Biology of seahorses
Seahorse biology causes most species to be particularly susceptible to over-fishing:
- Their small brood size limits their potential reproductive rate;
- Male brooding means that young depend on parental survival for far longer than in most fish species;
- Monogamy in most species means that widowed Seahorses reproduce until they find a suitable new partner
- A serious drop in populations due to overfishing here in Cambodia suggests that lost partners will not quickly be replaced
- Slow mobility and smaller home ranges in many species may restrict recolonization of depleted areas, although juveniles may be the primary dispersers.
- Loss of large areas of habititat means less food and less saftey from predators
These problems are being investigated by acquiring comprehensive knowledge of Seahorse biology and behaviour within the species found in Cambodian waters. As much information as possible is being collected on areas such as growth rates, longevity, juvenile dispersal mating habits and general habitats to be able to create a comprehensive protection/conservation program.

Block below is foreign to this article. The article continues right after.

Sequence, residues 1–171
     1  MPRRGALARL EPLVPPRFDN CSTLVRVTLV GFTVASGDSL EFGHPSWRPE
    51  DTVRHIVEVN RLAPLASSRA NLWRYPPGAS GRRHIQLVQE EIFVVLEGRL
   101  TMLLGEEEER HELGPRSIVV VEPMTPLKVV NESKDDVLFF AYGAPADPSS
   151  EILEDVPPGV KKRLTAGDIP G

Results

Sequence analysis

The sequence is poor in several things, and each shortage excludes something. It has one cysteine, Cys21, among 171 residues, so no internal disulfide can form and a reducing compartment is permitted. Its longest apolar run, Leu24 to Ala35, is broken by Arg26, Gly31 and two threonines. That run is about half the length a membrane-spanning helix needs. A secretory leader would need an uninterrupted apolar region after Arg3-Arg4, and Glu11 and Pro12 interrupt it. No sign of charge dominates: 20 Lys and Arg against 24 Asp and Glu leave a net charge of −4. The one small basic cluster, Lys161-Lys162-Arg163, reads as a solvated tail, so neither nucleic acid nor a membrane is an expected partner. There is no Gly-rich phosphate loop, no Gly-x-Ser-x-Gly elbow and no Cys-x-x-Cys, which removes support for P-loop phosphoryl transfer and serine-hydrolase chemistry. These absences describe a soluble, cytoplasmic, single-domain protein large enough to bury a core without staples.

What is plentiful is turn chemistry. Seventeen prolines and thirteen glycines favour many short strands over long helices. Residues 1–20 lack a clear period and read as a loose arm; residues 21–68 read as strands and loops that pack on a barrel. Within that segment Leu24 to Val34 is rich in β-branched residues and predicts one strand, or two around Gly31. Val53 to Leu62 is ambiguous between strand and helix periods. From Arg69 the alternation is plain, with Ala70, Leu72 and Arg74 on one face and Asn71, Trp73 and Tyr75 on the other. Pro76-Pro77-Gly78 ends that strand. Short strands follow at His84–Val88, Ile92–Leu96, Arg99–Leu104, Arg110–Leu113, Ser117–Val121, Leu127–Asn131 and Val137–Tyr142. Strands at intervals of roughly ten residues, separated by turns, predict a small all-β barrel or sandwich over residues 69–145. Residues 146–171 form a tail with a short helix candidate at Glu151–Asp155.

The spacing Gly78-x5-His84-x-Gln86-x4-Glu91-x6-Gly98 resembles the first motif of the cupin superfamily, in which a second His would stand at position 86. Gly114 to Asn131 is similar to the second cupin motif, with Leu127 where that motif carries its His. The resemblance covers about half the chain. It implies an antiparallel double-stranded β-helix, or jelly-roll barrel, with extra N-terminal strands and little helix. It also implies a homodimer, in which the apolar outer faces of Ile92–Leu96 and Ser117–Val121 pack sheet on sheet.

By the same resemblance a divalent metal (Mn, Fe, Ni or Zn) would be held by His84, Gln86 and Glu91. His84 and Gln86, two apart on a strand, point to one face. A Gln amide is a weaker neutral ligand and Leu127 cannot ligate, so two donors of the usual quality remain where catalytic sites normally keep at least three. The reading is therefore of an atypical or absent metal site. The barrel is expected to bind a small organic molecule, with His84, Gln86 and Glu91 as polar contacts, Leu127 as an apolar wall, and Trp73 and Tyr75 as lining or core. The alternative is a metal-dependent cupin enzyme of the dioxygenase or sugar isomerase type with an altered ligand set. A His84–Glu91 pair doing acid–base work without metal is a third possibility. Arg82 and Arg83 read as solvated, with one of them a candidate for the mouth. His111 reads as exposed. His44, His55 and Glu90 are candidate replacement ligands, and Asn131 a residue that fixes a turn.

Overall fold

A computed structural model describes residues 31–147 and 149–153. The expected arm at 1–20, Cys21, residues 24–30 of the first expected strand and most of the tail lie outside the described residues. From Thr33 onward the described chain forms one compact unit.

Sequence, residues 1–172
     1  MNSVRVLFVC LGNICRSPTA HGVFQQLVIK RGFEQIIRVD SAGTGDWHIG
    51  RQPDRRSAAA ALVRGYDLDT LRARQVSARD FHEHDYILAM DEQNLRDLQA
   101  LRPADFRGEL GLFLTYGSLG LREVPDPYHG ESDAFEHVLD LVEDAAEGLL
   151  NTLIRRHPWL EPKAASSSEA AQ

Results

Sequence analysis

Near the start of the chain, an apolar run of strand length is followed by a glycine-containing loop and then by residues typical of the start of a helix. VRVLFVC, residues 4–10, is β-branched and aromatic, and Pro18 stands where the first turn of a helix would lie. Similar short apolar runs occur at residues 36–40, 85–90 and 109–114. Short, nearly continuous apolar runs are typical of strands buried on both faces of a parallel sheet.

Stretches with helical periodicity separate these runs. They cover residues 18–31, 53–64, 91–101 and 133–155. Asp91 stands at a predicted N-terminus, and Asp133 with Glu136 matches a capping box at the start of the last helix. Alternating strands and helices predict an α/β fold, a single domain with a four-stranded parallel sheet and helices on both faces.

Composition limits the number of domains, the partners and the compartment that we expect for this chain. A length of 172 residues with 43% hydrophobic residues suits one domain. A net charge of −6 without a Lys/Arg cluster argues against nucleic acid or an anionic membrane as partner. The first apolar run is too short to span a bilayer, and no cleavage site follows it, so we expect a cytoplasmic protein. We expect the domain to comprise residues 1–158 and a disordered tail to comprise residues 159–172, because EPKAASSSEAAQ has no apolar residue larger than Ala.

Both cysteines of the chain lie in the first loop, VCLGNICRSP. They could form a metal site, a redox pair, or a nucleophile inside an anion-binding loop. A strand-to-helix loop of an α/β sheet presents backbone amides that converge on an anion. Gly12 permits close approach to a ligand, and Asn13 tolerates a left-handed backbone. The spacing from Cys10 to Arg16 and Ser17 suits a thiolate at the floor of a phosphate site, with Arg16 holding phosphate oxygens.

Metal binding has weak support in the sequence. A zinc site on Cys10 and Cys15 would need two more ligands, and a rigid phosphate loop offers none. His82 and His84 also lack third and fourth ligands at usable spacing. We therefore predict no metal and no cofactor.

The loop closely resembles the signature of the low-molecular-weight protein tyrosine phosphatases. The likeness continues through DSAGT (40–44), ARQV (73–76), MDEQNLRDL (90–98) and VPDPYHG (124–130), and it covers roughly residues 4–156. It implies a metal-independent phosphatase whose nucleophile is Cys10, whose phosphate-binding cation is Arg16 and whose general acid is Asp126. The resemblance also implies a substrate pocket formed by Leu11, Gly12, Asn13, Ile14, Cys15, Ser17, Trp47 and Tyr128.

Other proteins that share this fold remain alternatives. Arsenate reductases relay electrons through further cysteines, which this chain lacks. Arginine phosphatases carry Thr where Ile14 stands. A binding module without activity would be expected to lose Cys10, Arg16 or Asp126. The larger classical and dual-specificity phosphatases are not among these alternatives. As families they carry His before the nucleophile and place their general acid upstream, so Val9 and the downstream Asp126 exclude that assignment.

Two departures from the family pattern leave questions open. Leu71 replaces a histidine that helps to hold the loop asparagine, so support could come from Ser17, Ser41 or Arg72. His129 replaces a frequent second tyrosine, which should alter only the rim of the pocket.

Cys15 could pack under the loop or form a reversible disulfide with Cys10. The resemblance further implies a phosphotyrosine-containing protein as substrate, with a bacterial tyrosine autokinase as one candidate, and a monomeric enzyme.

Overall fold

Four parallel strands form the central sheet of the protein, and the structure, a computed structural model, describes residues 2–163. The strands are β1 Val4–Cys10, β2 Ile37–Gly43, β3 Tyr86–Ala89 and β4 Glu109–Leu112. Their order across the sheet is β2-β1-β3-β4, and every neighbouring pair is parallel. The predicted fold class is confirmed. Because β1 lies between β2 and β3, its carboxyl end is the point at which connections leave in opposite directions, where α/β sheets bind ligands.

Seahorses have heads at right angles to the body and fully prehensile tails, which wrap around sea-grass stems, corals, sticks, or any other suitable natural or artificial object. These traits, along with a pouch for the young and eyes that swivel independently of each other, lend to the unique nature of these fish. Instead of the scales found on most fish, seahorses have a thin layer of skin stretched over a series of bony plates visible as rings around the trunk. These rings are useful in identifying species, as are the cheek spines and coronet (a crown-like group of spines on the top of the head). In addition to the spines, some species also have bony bumps or skin filaments protruding from these bony rings.
Like other fish, they breathe through gills, extracting oxygen from the water that passes over them. Unlike other fish, however, the gills are small and compacted, almost grape-like in structure. Seahorses swim using the propulsive force of a quickly oscillating dorsal fin, and use the pectoral fins on either side of the body for steering and stability.